Seven to Receive Honorary Degrees
Seven international leaders spanning the fields of human rights, the arts, science, the environment, and government, will receive honorary degrees during Commencement Exercises on May 19 and 20.
Shirley Ann Jackson, president of Rensselaer Polytechnic Institute and former head of the federal Nuclear Regulatory Commission; Thomas D. Ritter, a member of the Connecticut House of Representatives from 1981-1999; and Charles H. Thornton, chairman of The Thornton-Tomas etti Group, an engineering firm involved in construction projects worldwide, will receive honorary degrees during the University's undergraduate ceremonies at 10 a.m. on May 19.
That afternoon, during undergraduate ceremonies at 3 p.m., Mary Frances Berry, chairperson of the United States Commission on Civil Rights; Ray Neag, founder and director of Arrow International and namesake of the Neag School of Education; and Philip Roth, Pulitzer Prize-winning author of more than a dozen novels, including six in the past decade, also will receive honorary degrees.
On Sunday, May 20, Lester R. Brown, founder and chairman of the board of the Worldwatch Institute and president of the newly established Earth Policy Institute, will receive an honorary Doctor of Science degree. Brown also will speak during the 3 p.m. graduate ceremony.
Jackson, who ran the NRC from 1995 until assuming the presidency of Rensselaer in 1999, was one of the first two African-American women to receive a doctorate in physics in the country, and the first African-American woman to receive a doctorate in any field from the Massachusetts Institute of Technology. A theoretical physicist, she is a member of the prestigious National Academy of Engineering. Prior to being named head of the NRC by President Clinton, Jackson conducted research for 15 years for AT&T Bell Laboratories, and served for four years as a professor of physics at Rutgers University. Jackson will receive an honorary Doctor of Science degree.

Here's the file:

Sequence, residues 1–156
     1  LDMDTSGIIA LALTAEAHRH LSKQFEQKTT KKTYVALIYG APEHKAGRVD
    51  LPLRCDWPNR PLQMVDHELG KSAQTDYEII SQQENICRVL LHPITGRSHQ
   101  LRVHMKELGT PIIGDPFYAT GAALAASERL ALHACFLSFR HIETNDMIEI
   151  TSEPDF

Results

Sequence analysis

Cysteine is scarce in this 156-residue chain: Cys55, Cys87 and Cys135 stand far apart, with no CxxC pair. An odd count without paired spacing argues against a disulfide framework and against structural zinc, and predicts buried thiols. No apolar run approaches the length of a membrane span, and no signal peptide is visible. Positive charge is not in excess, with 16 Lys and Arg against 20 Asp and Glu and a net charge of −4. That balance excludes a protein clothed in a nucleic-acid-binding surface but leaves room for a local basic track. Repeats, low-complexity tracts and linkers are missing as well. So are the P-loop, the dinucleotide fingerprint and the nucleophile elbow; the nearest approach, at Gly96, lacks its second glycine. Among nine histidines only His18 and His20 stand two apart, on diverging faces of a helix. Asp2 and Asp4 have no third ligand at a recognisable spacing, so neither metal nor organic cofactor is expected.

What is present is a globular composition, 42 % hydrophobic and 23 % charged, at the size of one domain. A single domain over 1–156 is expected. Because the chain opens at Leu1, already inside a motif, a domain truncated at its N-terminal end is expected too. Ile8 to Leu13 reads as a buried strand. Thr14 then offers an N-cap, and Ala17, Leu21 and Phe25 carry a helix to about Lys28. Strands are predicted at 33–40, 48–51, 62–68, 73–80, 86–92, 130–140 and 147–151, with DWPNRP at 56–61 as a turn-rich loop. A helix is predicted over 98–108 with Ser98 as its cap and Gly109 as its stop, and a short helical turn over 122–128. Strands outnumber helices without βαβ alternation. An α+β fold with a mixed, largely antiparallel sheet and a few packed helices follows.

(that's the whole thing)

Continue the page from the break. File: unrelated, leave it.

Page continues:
Ritter, who served six years as Speaker of the state House of Representatives, was instrumental in creating support for the UConn 2000 legislation, a 10-year, $1 billion program to improve the University's infrastructure. A staunch proponent of education, social justice, economic growth, and the rational allocation of the state's resources, he graduated from the University of Connecticut School of Law in 1977. A recipient of the UConn Medal in 1999, Ritter is now a partner in the law firm of Brown, Rudnick, Freed & Gesmer. He will receive an honorary Doctor of Laws degree.
Thornton's firm was a key player in the construction of the Swiss Bank Headquarters in Stamford, the United Airlines Terminal at O'Hare International Airport in Chicago, and the world's tallest buildings, the Petronas Twin Towers in Kuala Lampur, Malaysia. One of the world's foremost forensic engineers, he has assisted in investigations surrounding the collapse of the Hartford Civic Center Coliseum, the L'Ambiance Plaza, and the bombed federal building in Oklahoma City in 1995. Thornton is founder and chairman of the Architects Constructors and Engineers Mentor Program, a wide-ranging consortium that guides inner-city students toward careers in engineering and related fields. He also is president of The Salvadori Center, a non-profit organization that educates more than 2,000 New York City middle schools students annually in mathematics and science, using architectural and engineering principles. Thornton will receive an honorary Doctorate of Science.